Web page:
ERIC Number: ED248733
Record Type: Non-Journal
Publication Date: 1981
Reference Count: N/A
Class, Culture, and the Classroom: The Student Peace Movement of the 1930s.
The origins of the student movement of the 1930s are discussed, with attention to internal dynamics and reactions to external events, and the impact on student attitudes today. After providing a background of the antiwar movement, individual university revolts and strikes are considered. An explanation is offered concerning students' thoughts and fears about the Spanish Civil War and their concern about America's own movement toward World War II. Additionally, the woman's role in the peace movement and the alternative it offered to the traditional collegiate male code of conduct are considered. Additional topics include: the influence on the movement of Marxism, religion, progressivism, and the revisionist view of the Great War; the relationship between government and education and attitudes toward academic freedom; and the development of a new kind of American student, who was to become a model (both positive and negative) for student activists of a later generation. It is noted that in the 1930s American radicalism was resurrected in a setting of economic catastrophe and international conflict. Although the movement did relate specifically to student issues, the main focus and the most successful issue in winning mass student support was the question of war and peace. (SW)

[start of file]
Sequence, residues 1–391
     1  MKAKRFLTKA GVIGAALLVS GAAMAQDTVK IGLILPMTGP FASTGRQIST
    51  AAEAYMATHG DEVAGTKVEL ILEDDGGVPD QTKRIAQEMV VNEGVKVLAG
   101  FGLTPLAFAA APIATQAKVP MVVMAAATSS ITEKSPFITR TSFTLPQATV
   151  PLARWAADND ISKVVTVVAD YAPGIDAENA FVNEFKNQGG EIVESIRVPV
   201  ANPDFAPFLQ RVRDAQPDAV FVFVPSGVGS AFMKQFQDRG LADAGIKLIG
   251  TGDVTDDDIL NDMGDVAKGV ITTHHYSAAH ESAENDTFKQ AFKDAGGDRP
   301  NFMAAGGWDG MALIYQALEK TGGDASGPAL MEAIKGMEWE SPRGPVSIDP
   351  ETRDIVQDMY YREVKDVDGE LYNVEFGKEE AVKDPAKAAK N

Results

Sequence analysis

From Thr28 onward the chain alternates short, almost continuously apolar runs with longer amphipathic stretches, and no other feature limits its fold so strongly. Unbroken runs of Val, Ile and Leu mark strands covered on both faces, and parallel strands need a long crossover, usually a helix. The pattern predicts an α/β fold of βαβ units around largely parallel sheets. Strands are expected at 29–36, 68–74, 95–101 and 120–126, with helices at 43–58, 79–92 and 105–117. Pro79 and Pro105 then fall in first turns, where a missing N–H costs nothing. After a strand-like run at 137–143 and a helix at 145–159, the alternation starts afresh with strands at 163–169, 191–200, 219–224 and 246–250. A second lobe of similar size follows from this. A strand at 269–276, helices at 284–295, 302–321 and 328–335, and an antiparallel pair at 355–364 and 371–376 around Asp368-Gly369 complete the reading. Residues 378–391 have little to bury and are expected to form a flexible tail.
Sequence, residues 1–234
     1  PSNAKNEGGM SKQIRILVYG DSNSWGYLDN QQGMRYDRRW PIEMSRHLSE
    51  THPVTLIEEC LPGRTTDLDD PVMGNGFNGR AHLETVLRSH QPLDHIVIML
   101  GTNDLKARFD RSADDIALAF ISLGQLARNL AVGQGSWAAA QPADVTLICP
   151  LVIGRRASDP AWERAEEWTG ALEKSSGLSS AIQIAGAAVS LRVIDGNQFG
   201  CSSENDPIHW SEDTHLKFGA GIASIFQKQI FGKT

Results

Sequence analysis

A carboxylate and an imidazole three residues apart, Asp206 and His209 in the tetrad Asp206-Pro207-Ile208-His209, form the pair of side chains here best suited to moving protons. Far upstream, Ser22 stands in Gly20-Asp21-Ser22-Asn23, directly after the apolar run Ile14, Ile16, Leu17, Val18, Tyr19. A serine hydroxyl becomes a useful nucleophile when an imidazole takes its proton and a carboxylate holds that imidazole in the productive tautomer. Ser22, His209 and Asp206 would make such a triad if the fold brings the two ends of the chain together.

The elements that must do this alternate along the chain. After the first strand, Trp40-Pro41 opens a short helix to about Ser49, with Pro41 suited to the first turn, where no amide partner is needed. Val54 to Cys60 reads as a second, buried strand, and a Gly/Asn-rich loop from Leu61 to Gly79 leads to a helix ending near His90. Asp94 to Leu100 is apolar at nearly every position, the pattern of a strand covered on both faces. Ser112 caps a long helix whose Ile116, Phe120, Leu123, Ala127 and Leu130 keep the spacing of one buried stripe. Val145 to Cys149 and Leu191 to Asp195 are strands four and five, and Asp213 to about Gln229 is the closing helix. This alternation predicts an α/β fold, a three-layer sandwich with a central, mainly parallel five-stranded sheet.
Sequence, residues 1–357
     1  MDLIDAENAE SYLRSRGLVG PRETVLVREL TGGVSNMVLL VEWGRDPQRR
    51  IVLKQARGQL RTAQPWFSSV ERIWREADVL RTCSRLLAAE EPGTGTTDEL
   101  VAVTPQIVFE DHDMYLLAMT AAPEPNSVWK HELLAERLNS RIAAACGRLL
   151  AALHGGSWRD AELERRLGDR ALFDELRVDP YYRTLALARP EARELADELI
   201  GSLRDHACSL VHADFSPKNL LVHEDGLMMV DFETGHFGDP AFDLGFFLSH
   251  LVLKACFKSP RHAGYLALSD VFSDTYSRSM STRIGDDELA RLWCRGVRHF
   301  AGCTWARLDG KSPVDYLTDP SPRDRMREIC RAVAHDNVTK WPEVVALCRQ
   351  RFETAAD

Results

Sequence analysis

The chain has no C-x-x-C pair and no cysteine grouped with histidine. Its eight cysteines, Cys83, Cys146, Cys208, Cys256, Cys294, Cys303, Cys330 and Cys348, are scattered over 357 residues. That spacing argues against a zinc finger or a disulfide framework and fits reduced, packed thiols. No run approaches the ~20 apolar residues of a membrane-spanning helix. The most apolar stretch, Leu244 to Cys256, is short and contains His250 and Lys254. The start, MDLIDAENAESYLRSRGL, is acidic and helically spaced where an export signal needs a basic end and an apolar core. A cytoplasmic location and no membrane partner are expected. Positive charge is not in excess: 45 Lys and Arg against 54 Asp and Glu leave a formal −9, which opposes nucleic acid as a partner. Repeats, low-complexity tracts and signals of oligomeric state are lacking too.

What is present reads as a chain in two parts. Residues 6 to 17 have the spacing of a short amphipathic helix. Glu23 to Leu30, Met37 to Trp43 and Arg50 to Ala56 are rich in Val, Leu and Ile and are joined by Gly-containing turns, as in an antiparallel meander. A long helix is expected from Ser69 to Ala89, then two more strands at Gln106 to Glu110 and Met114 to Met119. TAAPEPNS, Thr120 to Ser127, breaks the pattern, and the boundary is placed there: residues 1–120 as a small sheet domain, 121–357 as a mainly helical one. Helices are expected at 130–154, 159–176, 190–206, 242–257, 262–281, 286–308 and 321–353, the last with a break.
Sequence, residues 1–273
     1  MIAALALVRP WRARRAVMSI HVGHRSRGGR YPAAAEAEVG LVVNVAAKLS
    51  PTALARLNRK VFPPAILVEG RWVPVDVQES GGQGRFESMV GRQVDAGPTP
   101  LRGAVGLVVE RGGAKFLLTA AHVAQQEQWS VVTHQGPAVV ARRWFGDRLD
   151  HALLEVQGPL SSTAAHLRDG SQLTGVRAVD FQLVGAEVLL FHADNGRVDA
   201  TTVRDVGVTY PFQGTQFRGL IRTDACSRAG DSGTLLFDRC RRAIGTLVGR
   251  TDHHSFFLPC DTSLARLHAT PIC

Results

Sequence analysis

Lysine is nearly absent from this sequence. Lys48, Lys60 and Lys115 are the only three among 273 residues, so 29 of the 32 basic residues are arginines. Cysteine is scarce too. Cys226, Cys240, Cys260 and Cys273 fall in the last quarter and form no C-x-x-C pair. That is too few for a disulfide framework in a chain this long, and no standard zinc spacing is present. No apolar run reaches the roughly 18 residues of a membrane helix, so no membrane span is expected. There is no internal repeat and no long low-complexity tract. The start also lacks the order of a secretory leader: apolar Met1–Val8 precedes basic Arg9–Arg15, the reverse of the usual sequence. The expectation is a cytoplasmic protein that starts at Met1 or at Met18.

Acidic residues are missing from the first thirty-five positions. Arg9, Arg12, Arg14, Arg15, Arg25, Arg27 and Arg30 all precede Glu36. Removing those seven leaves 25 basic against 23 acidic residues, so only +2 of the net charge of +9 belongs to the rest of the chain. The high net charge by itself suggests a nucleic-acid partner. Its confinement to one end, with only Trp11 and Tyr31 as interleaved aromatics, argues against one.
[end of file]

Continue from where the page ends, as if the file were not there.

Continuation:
Descriptors: Academic Freedom, Activism, Civil Liberties, Demonstrations (Civil), Educational History, Government School Relationship, Higher Education, Marxism, Peace, Political Attitudes, Religious Factors, Student Attitudes, Student College Relationship, United States History, War, World Affairs
Temple University Press, Broad & Oxford Streets, Philadelphia, PA 19122 ($22.50).
Publication Type: Books; Historical Materials; Opinion Papers
Education Level: N/A
Authoring Institution: N/A